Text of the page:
Meet the Worthing man who 'walks' his parrot at the park

When you imagine putting an animal on a leash and taking it for a walk, a parrot is not what usually springs to mind.

Monday, 29th April 2019, 3:08 pm
Updated Monday, 29th April 2019, 4:08 pm
Curtis Fullman and his parrot Rhaegar. Picture: Derek Martin

But one 25-year-old from Durrington is doing exactly that with his pet bird – and becoming one of Worthing’s most talked-about pet owners in the process.

Curtis Fullman takes his blue and yellow macaw Rhaegar – named after a prince in the Game of Thrones television series – out for exercise at Pond Lane Recreation Ground, keeping him on a leash and on his hand until it is safe to fly.

The fashion design graduate at Northbrook College has spent years training his pet to ‘free-fly’, and he encouraged other parrot owners to train their birds to do the same.

Curtis Fullman and his parrot Rhaegar. Picture: Derek Martin

He said: “It would be nice to meet up with some other parrot owners in Worthing and show them that their parrots don’t have to stay in a cage the whole time.”

Curtis got Rhaegar in September 2017 when he was just a four-month-old chick, from a family who had him from birth but could not look after him anymore.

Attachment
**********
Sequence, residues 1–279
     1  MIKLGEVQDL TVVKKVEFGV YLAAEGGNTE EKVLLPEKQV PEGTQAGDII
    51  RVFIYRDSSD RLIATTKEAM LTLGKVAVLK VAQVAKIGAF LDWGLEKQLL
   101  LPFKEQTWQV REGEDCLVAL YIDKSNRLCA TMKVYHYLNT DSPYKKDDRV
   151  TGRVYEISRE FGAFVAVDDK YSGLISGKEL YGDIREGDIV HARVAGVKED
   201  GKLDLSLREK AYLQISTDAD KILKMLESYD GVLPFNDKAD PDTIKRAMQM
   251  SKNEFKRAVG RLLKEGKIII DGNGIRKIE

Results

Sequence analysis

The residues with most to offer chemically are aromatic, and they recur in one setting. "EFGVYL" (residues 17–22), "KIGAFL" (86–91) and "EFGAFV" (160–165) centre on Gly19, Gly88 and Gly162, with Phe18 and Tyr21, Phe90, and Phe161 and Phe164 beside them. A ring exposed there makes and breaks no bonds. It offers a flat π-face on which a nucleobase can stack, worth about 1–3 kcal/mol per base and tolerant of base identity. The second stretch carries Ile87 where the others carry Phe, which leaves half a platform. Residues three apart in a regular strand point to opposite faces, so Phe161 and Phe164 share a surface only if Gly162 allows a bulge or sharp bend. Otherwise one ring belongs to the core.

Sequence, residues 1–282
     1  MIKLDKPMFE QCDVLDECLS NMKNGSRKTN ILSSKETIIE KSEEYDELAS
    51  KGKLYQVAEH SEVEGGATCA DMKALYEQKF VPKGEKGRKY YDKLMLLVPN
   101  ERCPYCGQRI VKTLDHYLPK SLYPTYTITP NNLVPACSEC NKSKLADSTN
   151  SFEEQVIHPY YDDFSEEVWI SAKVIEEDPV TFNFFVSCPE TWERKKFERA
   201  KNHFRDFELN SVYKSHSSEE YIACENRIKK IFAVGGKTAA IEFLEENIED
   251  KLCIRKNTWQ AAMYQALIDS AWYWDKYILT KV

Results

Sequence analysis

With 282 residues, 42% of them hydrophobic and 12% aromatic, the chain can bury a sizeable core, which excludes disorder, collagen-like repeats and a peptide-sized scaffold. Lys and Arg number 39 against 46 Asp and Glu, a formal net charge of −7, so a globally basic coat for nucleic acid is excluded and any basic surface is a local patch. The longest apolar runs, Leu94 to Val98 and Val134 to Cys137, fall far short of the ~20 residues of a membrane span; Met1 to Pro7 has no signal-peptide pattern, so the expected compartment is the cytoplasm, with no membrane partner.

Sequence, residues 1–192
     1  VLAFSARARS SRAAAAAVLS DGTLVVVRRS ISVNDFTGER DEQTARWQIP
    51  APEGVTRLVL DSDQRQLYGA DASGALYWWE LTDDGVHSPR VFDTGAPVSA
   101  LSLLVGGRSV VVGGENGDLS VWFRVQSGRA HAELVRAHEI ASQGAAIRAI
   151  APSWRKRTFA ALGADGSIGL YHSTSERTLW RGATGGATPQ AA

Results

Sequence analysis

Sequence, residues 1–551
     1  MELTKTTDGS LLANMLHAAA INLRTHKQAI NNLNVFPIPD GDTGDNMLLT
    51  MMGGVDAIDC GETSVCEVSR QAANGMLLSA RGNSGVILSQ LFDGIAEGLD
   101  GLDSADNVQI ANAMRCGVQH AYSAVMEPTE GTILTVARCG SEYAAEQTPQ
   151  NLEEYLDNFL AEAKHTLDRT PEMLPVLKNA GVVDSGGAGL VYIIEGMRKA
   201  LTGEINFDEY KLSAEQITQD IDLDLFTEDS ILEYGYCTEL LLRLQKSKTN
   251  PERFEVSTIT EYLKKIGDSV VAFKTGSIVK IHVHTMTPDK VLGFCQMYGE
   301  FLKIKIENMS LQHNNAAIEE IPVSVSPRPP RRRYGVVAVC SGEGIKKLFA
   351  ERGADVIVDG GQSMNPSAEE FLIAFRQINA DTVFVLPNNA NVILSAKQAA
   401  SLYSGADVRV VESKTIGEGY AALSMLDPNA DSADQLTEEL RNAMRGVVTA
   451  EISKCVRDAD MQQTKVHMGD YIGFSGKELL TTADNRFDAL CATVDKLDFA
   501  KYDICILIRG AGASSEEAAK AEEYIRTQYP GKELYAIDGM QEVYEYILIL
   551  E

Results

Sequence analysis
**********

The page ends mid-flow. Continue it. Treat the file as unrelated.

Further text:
He began by teaching him simple tricks like saying hello and rolling over, and by August 2018 Curtis had found a group based in London which taught owners how to train their birds to fly and return to them.

This gave the aspiring designer the confidence he needed, and by January Rhaegar was ready for his ‘walkies’.

Curtis Fullman and his parrot Rhaegar. Picture: Derek Martin

Curtis said that since then, they had received a lot of attention from fellow pet owners.

The animal lover also has a pet dog who he called ‘his world’, but added that the bond between parrot and owner was closer than dog and master.

He said: “Dogs always want to please you, but birds are very self-serving, so if they give you love and affection, they have chosen to do that.

“Rhaegar is quite naughty, cantankerous, cheeky and playful, but then he has this loving side too.”

Curtis Fullman and his parrot Rhaegar. Picture: Derek Martin

While Curtis advocates free-flying for parrots as it improves their health, Rhaegar has also helped him with his own health issues.

He said: “I have struggled with anxiety since I was very young, and for some reason Rhaegar is the one thing I am able to talk about more confidently.

“They are fantastic companions, not just pets. If you treat them right and train them right, they will want to be with you all the time.”